Open Collections

UBC Theses and Dissertations

UBC Theses Logo

UBC Theses and Dissertations

A probabilistic approach for estimating environmental impacts over the life cycle of buildings Guerra Castrejón, Edwin Alfredo 2010

Your browser doesn't seem to have a PDF viewer, please download the PDF to view this item.

Notice for Google Chrome users:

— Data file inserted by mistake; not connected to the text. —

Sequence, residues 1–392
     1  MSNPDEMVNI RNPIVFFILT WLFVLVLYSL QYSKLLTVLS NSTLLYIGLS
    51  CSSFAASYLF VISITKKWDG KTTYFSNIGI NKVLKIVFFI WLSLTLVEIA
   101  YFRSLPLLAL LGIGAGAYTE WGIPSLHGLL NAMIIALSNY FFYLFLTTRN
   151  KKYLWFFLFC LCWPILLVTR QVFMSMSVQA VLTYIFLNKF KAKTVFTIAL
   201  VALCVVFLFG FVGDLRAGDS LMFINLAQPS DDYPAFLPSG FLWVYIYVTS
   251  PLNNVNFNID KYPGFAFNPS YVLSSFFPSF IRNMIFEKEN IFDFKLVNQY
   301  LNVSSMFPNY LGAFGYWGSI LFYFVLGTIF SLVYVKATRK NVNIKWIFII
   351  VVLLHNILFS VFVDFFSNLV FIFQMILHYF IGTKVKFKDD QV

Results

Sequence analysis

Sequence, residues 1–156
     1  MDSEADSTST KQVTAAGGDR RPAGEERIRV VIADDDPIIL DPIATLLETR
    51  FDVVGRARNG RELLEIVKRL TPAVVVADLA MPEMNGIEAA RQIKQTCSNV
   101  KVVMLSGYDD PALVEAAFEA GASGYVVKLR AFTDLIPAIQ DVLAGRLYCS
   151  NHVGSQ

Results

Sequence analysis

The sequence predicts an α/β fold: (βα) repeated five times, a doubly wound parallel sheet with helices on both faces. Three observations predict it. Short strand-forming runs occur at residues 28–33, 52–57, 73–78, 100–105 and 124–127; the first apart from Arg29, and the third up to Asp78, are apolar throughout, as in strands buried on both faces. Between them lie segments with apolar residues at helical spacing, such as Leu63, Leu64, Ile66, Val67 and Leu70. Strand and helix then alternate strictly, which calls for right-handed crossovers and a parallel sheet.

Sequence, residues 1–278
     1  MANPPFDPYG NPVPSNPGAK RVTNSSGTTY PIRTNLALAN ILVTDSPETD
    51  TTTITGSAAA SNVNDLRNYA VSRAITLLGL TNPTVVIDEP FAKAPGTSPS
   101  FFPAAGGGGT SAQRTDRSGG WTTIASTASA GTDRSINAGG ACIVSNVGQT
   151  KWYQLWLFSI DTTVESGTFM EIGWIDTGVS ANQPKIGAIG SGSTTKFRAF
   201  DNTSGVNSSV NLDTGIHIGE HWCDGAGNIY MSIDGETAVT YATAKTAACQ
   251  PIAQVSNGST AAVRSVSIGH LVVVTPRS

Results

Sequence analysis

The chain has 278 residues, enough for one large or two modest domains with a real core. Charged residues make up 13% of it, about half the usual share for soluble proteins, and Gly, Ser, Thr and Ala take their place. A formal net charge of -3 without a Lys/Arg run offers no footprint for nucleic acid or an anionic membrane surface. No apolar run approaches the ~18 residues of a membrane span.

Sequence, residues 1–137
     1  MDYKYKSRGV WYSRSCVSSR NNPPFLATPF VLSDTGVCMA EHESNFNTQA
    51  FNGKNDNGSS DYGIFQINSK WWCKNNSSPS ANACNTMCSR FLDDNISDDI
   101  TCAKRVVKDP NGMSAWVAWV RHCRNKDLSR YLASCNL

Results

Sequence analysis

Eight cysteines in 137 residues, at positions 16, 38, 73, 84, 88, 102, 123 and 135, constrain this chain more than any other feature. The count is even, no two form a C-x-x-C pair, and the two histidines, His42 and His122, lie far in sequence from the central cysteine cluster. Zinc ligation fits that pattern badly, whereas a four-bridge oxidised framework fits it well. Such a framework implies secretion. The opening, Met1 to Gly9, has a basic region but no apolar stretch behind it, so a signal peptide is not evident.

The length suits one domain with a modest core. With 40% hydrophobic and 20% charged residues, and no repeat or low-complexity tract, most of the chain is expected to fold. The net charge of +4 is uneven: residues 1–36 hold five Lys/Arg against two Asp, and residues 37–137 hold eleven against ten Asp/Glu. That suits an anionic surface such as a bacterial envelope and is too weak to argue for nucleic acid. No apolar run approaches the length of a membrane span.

If you are having trouble viewing or searching the PDF with Google Chrome, please download it here instead.

Item Metadata

Download

Media
24-ubc_2010_fall_guerra_edwin.pdf [ 1.72MB ]
Metadata
JSON: 24-1.0062792.json
JSON-LD: 24-1.0062792-ld.json
RDF/XML (Pretty): 24-1.0062792-rdf.xml
RDF/JSON: 24-1.0062792-rdf.json
Turtle: 24-1.0062792-turtle.txt
N-Triples: 24-1.0062792-rdf-ntriples.txt
Original Record: 24-1.0062792-source.json
Full Text
24-1.0062792-fulltext.txt
Citation
24-1.0062792.ris

Full Text